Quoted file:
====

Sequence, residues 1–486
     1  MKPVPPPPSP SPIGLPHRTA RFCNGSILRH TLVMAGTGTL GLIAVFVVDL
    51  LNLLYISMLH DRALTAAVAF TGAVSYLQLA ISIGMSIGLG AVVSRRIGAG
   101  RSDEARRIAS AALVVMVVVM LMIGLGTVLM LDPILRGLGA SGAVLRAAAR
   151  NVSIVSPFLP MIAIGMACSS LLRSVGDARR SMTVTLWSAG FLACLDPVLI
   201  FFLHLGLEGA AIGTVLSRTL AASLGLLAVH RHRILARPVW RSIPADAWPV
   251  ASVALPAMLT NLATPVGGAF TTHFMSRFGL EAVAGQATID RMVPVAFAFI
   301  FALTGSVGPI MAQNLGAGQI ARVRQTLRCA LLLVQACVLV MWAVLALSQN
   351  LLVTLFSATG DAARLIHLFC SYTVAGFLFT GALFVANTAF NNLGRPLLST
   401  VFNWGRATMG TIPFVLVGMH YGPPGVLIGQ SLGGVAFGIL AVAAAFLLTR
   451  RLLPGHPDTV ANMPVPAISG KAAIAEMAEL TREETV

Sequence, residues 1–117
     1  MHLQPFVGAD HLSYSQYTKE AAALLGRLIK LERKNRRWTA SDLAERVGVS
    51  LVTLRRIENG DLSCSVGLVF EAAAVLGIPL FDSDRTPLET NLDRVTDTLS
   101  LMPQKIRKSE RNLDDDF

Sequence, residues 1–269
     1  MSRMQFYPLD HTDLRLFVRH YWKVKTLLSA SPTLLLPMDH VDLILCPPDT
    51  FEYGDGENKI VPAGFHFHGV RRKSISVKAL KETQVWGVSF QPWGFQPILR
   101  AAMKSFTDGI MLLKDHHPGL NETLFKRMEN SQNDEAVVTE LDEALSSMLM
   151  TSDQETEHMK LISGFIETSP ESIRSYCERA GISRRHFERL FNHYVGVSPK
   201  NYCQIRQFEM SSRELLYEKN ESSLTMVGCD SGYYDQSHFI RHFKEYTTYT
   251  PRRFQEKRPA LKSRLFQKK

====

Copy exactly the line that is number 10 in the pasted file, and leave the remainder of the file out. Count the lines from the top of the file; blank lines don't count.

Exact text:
   401  VFNWGRATMG TIPFVLVGMH YGPPGVLIGQ SLGGVAFGIL AVAAAFLLTR